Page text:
With the weather staying fine, we decided to head downtown with our visitors from way down south. We worked out where we could park without needing another mortgage. (In fact, parking fees downtown seem to be less expensive than they were 10 years ago.) Then we launched off into the middle-morning traffic, aided by Dougal the GPS. The trouble with Dougal is that he’s a bloke and can mostly focus on only one thing at a time. So he’s happy enough making sure we make the next turn, but failing to let us know that once around that corner we need to be in a particular lane as there’s another turn almost immediately. It makes for some desperate lane changing once he drops us in it. I have to say that generally Auckland drivers are excellent – tolerant and patient. Better than us from way down south.
I blamed Dougal for missing the entrance to the parking building on the first pass. Luckily all we had to do was circle the block and we made it second time. We headed off for a walk to and through the new Wynyard Quarter. This is past the Viaduct Basin and an expansion into the industrial area and the “tank farm” which is/was the oil/fuel storage area. A few years ago this area was a good motorhome park-up area, right on the harbour edge. The only time we stayed there there was a big electrical storm with lightening strikes on the Sky Tower which seemed to be towering over us.
The Wynyard Quarter is redeveloping this area and providing a lot of areas for public and commercial activities. It’s opening up access to more of the waterfront, with long-term plans for lots of apartments. Meantime there’s lots to do and see.
There are new commercial buildings going up as well. The ASB Building has just been finished and it’s one of the more interesting buildings I’ve seen. I’m not sure where the line is between architecture and art but this one seems well over it i.e. if you ask me it’s a work of art that people can work in.
We thought a day downtown must include Queen Street so we walked back over that way. We checked out the Cloud building on the wharf and the train station at Britomart.
We then we took the 50cent bus that does a loop to the top of Queen Street for a bit of an orientation. There was then free time for more shopping and looking around. It suddenly struck me how many older brick/masonry buildings were unoccupied with sale or lease signs on them. This is earthquake consequences, resulting from the effects of the Christchurch earthquakes. This was before the Wellington earthquake damage – which is only going to compound it all. There is something very big, sad and serious going on, mostly quietly. Our heritage buildings are being abandoned. A month before we’d seen the same sort of thing in Marton – lovely brick commercial buildings empty, for sale or lease. In Marton it seemed to be the banks leading the charge – they are now banking out of portacom/container-type buildings. We’ve encouraged the saving of many of these older buildings. Now it looks like they will be lost; not to heartless developers but to insurance companies and risk management.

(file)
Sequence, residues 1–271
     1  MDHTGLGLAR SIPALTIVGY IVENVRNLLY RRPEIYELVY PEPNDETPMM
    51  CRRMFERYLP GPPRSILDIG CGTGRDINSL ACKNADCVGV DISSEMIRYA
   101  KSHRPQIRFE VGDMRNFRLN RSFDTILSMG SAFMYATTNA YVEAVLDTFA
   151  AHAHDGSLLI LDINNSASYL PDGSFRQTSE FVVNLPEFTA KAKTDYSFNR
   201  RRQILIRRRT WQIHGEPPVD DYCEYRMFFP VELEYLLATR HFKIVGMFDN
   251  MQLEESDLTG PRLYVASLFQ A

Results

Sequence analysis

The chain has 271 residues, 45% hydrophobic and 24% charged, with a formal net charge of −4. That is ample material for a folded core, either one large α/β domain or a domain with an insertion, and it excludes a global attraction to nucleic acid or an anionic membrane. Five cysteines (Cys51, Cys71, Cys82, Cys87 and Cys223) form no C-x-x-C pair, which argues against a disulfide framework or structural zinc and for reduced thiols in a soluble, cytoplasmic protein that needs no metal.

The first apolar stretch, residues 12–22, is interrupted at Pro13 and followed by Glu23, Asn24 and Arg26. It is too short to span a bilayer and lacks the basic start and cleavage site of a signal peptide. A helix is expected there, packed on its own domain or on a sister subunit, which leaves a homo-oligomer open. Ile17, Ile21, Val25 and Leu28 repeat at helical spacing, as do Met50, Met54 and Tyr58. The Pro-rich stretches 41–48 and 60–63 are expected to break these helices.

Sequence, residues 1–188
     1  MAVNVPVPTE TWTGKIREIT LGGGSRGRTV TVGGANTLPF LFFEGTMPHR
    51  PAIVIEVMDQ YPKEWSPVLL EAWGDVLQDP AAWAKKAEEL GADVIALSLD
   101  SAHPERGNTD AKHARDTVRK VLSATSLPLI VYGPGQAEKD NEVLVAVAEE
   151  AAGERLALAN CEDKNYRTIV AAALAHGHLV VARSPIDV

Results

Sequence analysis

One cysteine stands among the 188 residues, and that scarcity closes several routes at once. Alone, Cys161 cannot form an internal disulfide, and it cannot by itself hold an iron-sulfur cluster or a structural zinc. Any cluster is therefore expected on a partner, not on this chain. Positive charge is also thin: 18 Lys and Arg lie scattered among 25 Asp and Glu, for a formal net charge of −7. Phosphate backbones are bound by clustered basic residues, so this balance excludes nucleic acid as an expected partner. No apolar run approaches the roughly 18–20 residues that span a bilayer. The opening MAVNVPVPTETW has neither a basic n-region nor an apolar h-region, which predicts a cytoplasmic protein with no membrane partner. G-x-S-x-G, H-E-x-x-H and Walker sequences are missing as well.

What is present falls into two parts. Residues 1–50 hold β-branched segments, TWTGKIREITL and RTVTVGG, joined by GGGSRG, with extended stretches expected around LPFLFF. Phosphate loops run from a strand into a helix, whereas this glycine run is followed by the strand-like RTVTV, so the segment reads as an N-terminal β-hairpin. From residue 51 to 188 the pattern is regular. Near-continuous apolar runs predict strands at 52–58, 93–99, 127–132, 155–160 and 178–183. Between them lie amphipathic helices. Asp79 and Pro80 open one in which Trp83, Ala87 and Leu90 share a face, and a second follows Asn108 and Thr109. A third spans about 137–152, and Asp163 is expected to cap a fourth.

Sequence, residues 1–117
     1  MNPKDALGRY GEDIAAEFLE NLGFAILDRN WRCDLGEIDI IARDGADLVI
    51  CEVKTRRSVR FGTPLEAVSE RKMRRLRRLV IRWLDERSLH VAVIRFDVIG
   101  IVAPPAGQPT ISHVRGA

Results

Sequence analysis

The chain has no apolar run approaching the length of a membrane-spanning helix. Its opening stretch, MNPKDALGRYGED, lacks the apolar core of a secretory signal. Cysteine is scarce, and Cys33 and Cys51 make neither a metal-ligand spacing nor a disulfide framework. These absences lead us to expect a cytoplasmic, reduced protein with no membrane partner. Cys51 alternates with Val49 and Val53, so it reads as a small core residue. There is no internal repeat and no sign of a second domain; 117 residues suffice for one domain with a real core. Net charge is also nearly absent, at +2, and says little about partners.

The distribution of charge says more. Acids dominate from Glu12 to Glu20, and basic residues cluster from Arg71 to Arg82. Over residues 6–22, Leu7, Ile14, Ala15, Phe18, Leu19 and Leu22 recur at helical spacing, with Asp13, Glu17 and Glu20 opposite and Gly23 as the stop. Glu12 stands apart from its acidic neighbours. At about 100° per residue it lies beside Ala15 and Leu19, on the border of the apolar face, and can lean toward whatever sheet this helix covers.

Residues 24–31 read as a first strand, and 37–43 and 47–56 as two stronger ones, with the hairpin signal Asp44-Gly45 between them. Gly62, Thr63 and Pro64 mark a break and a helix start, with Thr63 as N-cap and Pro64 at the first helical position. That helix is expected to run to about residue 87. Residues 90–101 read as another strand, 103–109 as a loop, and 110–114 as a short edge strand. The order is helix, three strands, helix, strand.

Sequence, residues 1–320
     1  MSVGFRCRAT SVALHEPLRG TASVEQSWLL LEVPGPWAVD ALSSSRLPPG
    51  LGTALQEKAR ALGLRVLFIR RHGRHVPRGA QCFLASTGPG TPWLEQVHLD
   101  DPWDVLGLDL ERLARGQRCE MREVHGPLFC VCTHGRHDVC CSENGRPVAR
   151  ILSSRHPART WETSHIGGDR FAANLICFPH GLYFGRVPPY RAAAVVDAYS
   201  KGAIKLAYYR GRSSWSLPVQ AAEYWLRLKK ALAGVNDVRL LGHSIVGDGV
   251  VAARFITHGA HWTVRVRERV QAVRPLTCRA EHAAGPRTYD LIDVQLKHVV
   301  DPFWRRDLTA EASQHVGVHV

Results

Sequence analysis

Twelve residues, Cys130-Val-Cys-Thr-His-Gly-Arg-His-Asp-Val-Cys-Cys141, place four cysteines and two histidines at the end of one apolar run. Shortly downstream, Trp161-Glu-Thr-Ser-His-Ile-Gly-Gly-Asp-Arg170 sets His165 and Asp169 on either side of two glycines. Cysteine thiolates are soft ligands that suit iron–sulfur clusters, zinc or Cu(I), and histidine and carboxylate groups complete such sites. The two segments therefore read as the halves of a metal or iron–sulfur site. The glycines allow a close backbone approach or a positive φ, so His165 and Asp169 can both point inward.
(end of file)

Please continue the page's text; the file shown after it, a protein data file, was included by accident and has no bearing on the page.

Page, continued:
Finally we met up again at the bottom of Queen Street and dragged our weary selves back to the car.
There was then just the game of dodgem cars getting onto and then off the motorway and the memory game trying to remember the right lane for the turn after next. Once we were safely on Manukau/Pah/Queenstown Road the only problem was trying to work out why one road has three different names. And why Auckland has put up with this being the main route between the CBD and the airport for so long.
Gallery of photos – Auckland City July 2013
Click on thumbnails to see full size. (And then you can click through them)